The reality is that we're building a CRUD app, so we considered going w/ vanilla Rails MVC to optimize velocity early on (it may not be sexy, but it gets the job done). Instead, we opted to split the codebase to allow for a richer front-end experience, focus on skill specificity when hiring, and give us the flexibility to be consumed by multiple clients in the future.

We also considered .NET core or Node.js for the API layer, and React on the front-end, but our experiences dealing with mature Node APIs and the rapid-fire changes that comes with state management in React-land put us off, given our level of experience with those tools.

We're using GitHub and Trello to track issues and projects, and a plethora of other tools to help the operational team, like Zapier, MailChimp, Google Drive with some basic Vue.js & HTML5 apps for smaller internal-facing web projects.

6 upvotes·11.5K views

Decision about .NET

Avatar of onovotny
Chief Architect, DevOps & Modern Software at Insight ·

I use .NET Core to power my code signing service. The service is a client/server solution that enables secure and easy Authenticode, NuGet, and VSIX code signing.

On the server, it uses ASP.NET Core, Azure AD, and Azure Key Vault, to orchestrate and log all signing operations. Security is of top-priority for this application and ASP.NET Core makes it easier.

The client must run cross-platform, so it's packaged a .NET Core global tool, letting it run anywhere .NET Core does (on macOS, Linux, and Windows).

6 upvotes·1.9K views

Decision about PHP, .NET, JavaScript, Node.js

Avatar of Sparker73
Frontend Developer ·

Node.js is my choice because it uses very few resources to run and it is capable to handle tons of connections simultaneously. Most developers already know JavaScript, the evolution of ECMAScript is immediately reflected to Node.js and all you have to do is update your Server's Node.js version without time and effort. Thousands of improvements that makes it very powerful especially in asynchronous programming. The web is full of courses, dev communities, free sample code, plunkers and many knowledge sources on Node.js that facilitates the learning curve. What else we can ask from a legendary language that is still evolving? I am learning Node.js by developing a simple REST WebAPI and using it as a playground to test situations in which the main objective is to challenge Node.js and compare results and performance with .NET implementations and certain well known fast PHP implementations. Until now the results are astonishing. Summarizing: Node.js for backend is so far (in my opinion) the most recommended solution to get positive achievements in size, speed, power, concurrency, scalability, deployment and running costs.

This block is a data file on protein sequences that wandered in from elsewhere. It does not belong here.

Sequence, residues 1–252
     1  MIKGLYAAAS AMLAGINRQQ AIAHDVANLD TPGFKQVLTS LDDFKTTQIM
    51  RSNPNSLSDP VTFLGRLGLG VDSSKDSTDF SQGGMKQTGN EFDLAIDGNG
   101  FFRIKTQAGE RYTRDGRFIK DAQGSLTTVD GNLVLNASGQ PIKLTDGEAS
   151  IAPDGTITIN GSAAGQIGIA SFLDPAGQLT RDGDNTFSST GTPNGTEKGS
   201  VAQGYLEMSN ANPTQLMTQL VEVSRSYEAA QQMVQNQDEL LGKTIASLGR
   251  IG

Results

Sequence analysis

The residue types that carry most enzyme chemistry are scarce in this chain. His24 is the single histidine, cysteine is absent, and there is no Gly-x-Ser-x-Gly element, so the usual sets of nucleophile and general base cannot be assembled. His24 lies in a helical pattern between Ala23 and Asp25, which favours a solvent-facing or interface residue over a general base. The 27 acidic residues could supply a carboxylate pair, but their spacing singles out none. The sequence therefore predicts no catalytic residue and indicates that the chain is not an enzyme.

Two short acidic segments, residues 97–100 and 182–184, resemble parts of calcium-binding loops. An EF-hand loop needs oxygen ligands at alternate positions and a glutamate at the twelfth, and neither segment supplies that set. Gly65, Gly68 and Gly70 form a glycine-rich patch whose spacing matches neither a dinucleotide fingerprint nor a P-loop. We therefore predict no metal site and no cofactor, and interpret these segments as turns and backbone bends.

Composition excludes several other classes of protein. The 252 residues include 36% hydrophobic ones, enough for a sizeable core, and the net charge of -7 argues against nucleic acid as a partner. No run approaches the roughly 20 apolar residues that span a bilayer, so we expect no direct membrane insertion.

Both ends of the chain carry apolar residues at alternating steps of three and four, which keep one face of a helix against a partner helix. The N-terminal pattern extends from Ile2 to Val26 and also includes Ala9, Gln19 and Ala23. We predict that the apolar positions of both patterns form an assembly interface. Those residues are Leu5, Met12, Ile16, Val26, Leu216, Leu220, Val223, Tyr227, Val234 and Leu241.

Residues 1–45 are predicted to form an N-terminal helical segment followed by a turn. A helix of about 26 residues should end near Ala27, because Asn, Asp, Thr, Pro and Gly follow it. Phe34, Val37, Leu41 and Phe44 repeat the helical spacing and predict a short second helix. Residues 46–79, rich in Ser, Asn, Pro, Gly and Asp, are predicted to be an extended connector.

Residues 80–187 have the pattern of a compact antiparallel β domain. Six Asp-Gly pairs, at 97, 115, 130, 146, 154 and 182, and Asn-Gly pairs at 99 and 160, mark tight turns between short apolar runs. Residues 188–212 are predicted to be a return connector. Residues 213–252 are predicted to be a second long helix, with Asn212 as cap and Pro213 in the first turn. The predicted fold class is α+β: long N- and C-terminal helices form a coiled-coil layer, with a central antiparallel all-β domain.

5 upvotes·2.6K views

Decision at GivePenny about Azure Kubernetes Service, .NET

Avatar of DaveAurionix
Azure Kubernetes ServiceAzure Kubernetes Service

Context: GivePenny is the charity sponsorship platform for the modern world. We are re-platforming onto .NET Core-based microservices and ReactJS-based micro-frontends in Docker containers hosted on Azure Kubernetes Service.

We use .NET Core because of the easily attainable high quality bar for our microservices. We love the succinct yet clear C# language making code easy to read. We rate the advantages of the strongly-typed aspect of C# and of compiled (so type-checked) unit tests in a "backend" service context. The test stack and tooling support in Visual Studio around service tests, contract management, unit tests, web APIs and publish/subscribe message handlers is easy to work with. The easy integration between Visual Studio and Azure Resource Manager based infrastructure, Azure DevOps, Nuget and Docker makes build, publishing, release and hosting very easy. The cross-platform nature of .NET Core allows Windows and Linux developers to co-exist and services to be hosted on multiple platforms.

4 upvotes·518 views

Decision at CodeFactor about .NET, WinForms

Avatar of cordis
Developer at Adroiti ·

Considering to migrate our analysis engine from .NET Framework to .NET Core. Reported performance improvements look awesome - https://visualstudiomagazine.com/articles/2018/08/22/bing-net-core.aspx. Some of our components use #WinForms, which is not supported in currently-available v2.1. Now we're deciding whether to remove #WinForms entirely and upgrade now or wait for v3.0 which promises support for it (early 2019) - https://blogs.msdn.microsoft.com/dotnet/2018/05/07/net-core-3-and-support-for-windows-desktop-applications

3 upvotes·313 views